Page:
Nico Ericsson returns in M, a bit older, more experienced and with a firmer sense of himself. But he is also, still, the Nico from First – charming, savvy and voraciously sexual, with a level of awareness and perspective that makes him fascinating to read. He is no longer a high school boy, experiencing firsts and testing his own boundaries. He’s a French major in college with an enviable circle of friends, lovers and sexual partners, and a beautiful girlfriend named Miranda, whom he calls M. Having read First, I was massively gratified when I realized exactly who M was, but even if you haven’t read it, Louder’s treatment of her, and her relationship with Nico, will resonate because it is so intensely real.

That’s the thing about Jacob Louder’s writing. His characters aren’t icons, ideals or stereotypes. They don’t function to carry a message. In fact, if anything, his writing is anti-didactic, and therein lies it’s power. His characters are human to a degree that almost broke my heart at times. With little to no exposition, he paints portraits of people with fluid sexualities, complicated needs and intensely personal relationships to monogamy, sex and their own sexual and gender identities, all while leaving the reader space to relate on his or her terms.

And then there’s the sex. Fucking hell, can Jacob Louder write sex. I’ve been around the block more than a few times, but reading M is like a master class in sexual self-possession. There’s cam sex, good natured blow jobs and rooftop wankings with his roommate and friends, creatively hot run-ins with exes and semi-random girls, and, of course, there sex with M. It’s in those scenes that Louder especially shines. Using nothing but sexual response and dialog, he gives us stunning insight into Nico, Miranda and their relationship.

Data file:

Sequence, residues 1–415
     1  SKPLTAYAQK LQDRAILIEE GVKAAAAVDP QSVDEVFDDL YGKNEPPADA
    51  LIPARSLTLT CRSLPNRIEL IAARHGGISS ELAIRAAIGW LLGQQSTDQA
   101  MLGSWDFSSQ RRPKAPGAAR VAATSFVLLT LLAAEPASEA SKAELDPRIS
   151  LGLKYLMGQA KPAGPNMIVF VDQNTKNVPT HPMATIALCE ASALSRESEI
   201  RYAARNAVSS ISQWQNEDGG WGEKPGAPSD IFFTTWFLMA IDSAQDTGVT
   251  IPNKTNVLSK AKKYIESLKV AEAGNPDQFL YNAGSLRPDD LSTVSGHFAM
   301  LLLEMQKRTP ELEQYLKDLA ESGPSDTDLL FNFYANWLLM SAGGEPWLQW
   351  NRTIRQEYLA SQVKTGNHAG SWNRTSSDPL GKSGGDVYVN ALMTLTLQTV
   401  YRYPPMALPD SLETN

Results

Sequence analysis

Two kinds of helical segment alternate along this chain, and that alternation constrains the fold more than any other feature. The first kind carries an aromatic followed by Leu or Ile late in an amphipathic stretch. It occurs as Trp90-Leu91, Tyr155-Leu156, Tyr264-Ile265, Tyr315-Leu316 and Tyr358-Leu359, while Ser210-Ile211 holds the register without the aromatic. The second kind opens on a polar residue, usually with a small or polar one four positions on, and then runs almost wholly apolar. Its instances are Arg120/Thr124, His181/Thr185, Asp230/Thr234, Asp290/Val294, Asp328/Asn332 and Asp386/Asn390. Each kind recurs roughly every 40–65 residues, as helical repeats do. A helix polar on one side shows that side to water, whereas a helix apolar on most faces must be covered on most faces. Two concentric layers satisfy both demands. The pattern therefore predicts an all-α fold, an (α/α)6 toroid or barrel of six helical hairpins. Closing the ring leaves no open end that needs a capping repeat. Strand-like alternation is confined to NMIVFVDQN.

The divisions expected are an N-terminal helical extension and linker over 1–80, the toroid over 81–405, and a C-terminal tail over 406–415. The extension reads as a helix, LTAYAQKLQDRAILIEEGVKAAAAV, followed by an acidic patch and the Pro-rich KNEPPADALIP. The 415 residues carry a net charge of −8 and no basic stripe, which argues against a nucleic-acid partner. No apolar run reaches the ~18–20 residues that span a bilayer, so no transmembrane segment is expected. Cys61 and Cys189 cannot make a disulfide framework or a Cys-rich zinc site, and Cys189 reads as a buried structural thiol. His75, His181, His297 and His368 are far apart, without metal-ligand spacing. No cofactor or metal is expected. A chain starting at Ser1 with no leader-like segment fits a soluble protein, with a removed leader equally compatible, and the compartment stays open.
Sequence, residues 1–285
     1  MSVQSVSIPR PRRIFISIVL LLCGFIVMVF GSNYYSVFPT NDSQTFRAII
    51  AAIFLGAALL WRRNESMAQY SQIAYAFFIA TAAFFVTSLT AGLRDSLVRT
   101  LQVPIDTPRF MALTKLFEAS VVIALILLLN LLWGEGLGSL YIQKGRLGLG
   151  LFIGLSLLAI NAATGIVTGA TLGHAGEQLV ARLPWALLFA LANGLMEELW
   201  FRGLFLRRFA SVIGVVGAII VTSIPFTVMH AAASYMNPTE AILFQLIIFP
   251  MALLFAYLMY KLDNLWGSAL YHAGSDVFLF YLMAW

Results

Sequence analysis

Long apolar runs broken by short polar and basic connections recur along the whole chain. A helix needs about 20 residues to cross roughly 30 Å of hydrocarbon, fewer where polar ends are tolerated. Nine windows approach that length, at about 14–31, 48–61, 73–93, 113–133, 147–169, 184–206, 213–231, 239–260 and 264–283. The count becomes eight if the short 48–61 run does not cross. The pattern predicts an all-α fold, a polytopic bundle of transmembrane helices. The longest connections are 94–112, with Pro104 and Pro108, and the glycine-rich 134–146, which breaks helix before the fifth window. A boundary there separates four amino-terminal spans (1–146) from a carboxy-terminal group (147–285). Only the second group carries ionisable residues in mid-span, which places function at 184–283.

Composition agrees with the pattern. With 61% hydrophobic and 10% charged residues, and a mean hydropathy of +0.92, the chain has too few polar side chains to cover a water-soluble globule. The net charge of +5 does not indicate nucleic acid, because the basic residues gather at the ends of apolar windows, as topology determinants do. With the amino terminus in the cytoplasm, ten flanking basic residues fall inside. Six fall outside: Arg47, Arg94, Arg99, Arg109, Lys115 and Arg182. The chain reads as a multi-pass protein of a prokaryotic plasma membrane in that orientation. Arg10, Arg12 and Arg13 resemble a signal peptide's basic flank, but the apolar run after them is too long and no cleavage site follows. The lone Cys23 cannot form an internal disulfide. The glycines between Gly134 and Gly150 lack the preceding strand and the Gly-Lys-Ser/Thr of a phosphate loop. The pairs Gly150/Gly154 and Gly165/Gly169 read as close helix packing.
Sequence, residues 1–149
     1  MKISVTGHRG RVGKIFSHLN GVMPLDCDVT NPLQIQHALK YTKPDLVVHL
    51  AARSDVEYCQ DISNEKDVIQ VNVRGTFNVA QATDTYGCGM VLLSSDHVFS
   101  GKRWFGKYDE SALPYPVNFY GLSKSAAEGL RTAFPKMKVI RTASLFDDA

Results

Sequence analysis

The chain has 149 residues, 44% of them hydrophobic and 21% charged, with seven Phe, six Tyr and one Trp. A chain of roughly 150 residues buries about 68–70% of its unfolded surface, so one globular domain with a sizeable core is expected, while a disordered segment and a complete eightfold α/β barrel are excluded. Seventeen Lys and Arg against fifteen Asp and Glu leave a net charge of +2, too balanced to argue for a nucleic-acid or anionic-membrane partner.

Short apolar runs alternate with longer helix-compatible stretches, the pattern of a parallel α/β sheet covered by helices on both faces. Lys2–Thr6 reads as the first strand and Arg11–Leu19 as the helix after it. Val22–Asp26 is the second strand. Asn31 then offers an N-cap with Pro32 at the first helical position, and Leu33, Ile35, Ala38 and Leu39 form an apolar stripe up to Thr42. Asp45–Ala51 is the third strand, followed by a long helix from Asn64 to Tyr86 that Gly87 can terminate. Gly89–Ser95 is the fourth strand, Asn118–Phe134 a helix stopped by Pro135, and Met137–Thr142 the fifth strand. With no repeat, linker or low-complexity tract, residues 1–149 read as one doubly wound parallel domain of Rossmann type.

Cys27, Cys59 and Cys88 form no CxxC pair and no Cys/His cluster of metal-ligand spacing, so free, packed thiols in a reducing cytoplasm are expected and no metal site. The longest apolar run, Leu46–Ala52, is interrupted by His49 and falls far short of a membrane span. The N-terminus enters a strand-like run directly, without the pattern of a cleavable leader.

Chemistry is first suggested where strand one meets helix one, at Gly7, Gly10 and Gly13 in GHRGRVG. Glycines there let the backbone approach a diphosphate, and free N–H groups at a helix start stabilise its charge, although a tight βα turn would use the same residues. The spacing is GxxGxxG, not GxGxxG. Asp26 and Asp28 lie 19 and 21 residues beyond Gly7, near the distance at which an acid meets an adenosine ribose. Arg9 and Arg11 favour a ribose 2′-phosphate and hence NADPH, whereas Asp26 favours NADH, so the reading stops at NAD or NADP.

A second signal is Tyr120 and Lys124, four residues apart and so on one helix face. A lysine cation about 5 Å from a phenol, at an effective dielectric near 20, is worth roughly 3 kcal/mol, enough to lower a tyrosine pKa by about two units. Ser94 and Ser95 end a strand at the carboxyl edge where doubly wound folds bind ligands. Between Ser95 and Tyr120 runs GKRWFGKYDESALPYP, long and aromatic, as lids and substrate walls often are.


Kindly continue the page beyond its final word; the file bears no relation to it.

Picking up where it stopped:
I’ve said this about Jacob Louder before, but I’ll say it again. He writes literary pornography that is important. M and First are people porn at it’s most effective best, and I can’t recommend it enough. His dialog flies, the story moves and all the while, Nico and M and the rest of the players are getting under your skin, even as they turn you on.

M by Jacob Louder is what literary porn should be – relentlessly hot, with a well of humanity that makes the sex an intrinsic part of a driving, compelling narrative.Care to read an excerpt? Of course you do! There are some great ones over at Jacob Louder’s website, Tamsin Flowers’s Superotica Advent Calendar and Oleander Plume’s review at Poison Pen / Dirty Mind. Or even better, just buy M, (and read First if you haven’t). It’s available HERE.

And for more information about Jacob Louder, check out his blog or follow him on Twitter. I guarantee you’re going to like what you find.

Review: Untouched by Annabeth Leong